We meet homeless people nearly every day on our life’s path; people who are often contemptuously called “bums.” We see them at the train station, near the subway, in town squares and parks, and of course, at the churches, asking for money. Each time we see them, our hearts deliberate painfully over the question, “Should we give them alms, or not?” Then, other questions immediately arise, “How much? How should we give them? Is there any sense in giving at all?”
People are generally divided into two groups. The first are those who give according to their means to all, without thinking about it or asking any questions, following the Lord’s words, Give to him that asketh thee, and from him that would borrow of thee turn not thou away (Mt. 5:42). The second group is of those who do not give money to “bums,” considering that we mustn’t indulge the “bum mafia,” for we participate in their sin of drunkenness and sponging, lying, etc. by giving money to them. These people are ready to fulfill Christ’s commandment and are willing to help people, but only those who really need help. They cite the words of the holy fathers in support of this—that the greatest virtue is discernment, for fasting, prayer, alms, or any other virtue will bring a person no benefit if done beyond our strength or out of season. Truly, no one would give anyone money for a rope to hang himself, no matter how tearfully or insistently he begs it. That rope could be a bottle of liquor, which strangles the neck of the beggar each day with increasing strength, or the rope of lies that you would indulge by giving money. There are hundreds and thousands of such ropes.
So what must we do to fulfill the commandment of Christ and please the Lord in the best way? The answer is simple: love. Try also not to do anything without love. Then everything will settle into place, and even the question itself will seem silly. As we know, Though I bestow all my goods to feed the poor, and though I give my body to be burned, and have not charity, it profiteth me nothing (1 Cor. 13:3). Of course, it is hard to just up and love every homeless person, but it is usually quite possible to show compassion for every person that the Lord has brought to us. I would like to share a little practical experience in helping the homeless under various circumstances.
For example, you are walking to work, and a tipsy beggar asks you for money. What should you do? Don’t be lazy—ask him why he needs money. They are often asking for food. This is the simplest case. Then you need to go with him to the nearest grocery store and buy him something he hasn’t had for many long years. Give him a holiday, as if this were your old classmate. Something tasty and filling, like good sausage, chicken, cheese, yogurt—in other words, something that they could never get for themselves because it is too expensive to eat in sufficient quantities. Even if the homeless person was lying to you at first about food, he will nevertheless be thankful. Try to transfer this thankfulness to the Lord, let him thank the Lord, and not you personally. For example, tell him that it was Christ Who sent you to him today. Then it will be both bodily and spiritual alms. Try to see a deeply suffering person in him; and if you cannot see in even the last “bum” the image of God, perhaps very soiled, clouded over, but nevertheless the great image of God, then perhaps you need to discuss this with your spiritual father and pray about it.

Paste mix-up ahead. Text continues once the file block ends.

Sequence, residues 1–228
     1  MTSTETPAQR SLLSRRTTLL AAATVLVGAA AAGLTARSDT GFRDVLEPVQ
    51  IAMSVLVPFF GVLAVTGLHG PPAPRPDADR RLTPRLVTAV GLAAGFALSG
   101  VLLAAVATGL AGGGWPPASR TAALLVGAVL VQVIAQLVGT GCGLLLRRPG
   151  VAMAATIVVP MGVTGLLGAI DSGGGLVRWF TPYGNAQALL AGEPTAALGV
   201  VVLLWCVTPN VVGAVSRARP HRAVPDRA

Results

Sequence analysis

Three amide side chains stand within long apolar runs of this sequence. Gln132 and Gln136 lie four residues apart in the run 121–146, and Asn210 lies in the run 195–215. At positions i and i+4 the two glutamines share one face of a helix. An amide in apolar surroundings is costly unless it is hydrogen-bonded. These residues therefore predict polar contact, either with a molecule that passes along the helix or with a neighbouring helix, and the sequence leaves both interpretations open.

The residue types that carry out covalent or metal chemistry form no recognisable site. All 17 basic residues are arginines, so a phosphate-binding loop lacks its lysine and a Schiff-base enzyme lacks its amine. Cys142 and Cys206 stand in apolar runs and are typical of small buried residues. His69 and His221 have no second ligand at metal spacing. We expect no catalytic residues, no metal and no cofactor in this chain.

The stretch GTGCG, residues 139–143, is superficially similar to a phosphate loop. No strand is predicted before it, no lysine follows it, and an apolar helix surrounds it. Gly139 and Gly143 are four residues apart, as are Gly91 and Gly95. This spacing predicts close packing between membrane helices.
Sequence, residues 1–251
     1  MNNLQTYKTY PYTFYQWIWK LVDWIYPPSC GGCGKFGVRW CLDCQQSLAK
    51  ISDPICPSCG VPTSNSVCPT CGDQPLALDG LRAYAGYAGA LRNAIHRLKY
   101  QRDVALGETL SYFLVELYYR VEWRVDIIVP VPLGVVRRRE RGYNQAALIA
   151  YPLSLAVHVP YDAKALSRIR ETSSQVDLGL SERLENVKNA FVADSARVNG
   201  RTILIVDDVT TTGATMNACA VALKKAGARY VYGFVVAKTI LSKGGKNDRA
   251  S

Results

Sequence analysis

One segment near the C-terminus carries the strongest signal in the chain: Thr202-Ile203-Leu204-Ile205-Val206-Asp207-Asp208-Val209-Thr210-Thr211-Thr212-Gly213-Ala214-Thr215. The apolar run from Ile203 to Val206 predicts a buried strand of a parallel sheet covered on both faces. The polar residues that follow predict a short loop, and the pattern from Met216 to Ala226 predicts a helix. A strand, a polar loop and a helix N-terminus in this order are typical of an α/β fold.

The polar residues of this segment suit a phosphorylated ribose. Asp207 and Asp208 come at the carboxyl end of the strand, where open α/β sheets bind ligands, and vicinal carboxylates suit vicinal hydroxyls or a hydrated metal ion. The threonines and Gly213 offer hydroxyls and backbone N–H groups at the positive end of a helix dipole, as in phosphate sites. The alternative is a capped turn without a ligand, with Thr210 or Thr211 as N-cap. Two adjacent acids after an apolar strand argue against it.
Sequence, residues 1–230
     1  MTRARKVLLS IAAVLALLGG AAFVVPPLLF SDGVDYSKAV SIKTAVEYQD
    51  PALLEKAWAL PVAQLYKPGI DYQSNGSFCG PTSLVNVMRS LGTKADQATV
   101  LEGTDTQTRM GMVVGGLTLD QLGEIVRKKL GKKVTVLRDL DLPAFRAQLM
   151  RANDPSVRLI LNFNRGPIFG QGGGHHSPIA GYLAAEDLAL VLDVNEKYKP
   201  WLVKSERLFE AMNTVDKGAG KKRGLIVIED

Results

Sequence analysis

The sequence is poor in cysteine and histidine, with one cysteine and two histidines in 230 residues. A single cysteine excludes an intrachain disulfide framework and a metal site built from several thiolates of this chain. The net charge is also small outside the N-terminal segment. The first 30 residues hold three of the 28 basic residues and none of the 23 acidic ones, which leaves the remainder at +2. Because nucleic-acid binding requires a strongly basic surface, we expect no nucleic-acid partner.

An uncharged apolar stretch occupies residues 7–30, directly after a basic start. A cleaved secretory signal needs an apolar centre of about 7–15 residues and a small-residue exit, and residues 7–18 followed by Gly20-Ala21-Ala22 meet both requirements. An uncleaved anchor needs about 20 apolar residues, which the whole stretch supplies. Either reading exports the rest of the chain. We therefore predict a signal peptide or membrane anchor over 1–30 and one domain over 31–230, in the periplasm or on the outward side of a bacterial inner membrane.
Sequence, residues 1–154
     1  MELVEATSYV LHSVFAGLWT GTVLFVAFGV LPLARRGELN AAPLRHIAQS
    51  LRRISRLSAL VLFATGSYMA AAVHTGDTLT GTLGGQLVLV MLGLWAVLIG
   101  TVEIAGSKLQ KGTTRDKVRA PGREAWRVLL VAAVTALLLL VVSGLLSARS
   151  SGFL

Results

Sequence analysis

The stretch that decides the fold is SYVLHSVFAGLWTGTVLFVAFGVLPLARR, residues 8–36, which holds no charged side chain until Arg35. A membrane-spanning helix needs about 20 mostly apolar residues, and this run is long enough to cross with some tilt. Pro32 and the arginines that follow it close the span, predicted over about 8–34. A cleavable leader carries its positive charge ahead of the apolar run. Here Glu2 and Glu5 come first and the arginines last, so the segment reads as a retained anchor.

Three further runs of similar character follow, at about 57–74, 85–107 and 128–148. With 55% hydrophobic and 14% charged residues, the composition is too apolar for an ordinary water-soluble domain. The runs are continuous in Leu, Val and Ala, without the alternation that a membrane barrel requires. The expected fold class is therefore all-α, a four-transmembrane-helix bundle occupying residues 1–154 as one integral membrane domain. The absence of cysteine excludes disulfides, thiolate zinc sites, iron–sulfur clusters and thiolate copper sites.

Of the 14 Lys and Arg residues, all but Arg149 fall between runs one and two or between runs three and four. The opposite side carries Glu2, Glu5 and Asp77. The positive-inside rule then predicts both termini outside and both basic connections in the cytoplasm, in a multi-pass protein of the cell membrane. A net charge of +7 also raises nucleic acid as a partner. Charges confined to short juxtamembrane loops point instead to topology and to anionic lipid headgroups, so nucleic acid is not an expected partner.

Ask the homeless person what his name is, where he hangs out and how often, when is his birthday, is he baptized. Be sincere and kind with him. Homeless people are very sensitive to insincerity. Do not hasten to judge him. We do not know what we ourselves would be if the Lord had deprived us of His protection and hadn’t guarded us from the demon of drunkenness and other vices. Wouldn’t we be much worse than that person? In a word: love him. Love him to the extent of your heart’s capacity; love him sincerely, for Christ’s sake. And if even a little love is born in your heart for this person, then the next time, when you are leaving your house, you will probably be prepared for another meeting with him: take some food from home, some warm clothing, a book, or something he might like. You will leave fifteen minutes early for work and find him; wait for him, call him by his name, show some concern for him, and increase love in this world, the lack of which is felt ever more sharply. Thus, from day to day you can live for the sake of Christ, taking care of one poor person. Do not just buy yourself off with money, do not limit yourself to one-time help. It is good, but it is not a perfect fruit. You can’t just love for a half an hour and then forget about it.
The only warning is: do not give money for any reason, and do not cave in to their persuasion! Those on the streets in such difficult straights, spiritually sick, are in the absolute majority of cases not capable of using money properly. Buy him the thing he needs, get into his shoes, and understand his problems.
It is important to care for a person’s body, but it is even more important to care for his soul. Do this without being intrusive: let your heart tell you when to talk to him about confession, prayer, or about God’s infinite mercy; about how true life and healing are possible only through the Lord’s healing of his soul, which cannot happen unless he wants it. Sometimes a person hungers for this and wants to hear it right away, but sometimes this happens only years later. St. John of Kronstadt writes about this: “Know that material alms should always be followed by spiritual alms: with affectionate, brotherly, and pure-hearted love for your neighbor. Do not allow him to notice that he is become beholden to you, do not appear proud. See that your material alms do not lose their value through your failure to provide the spiritual.”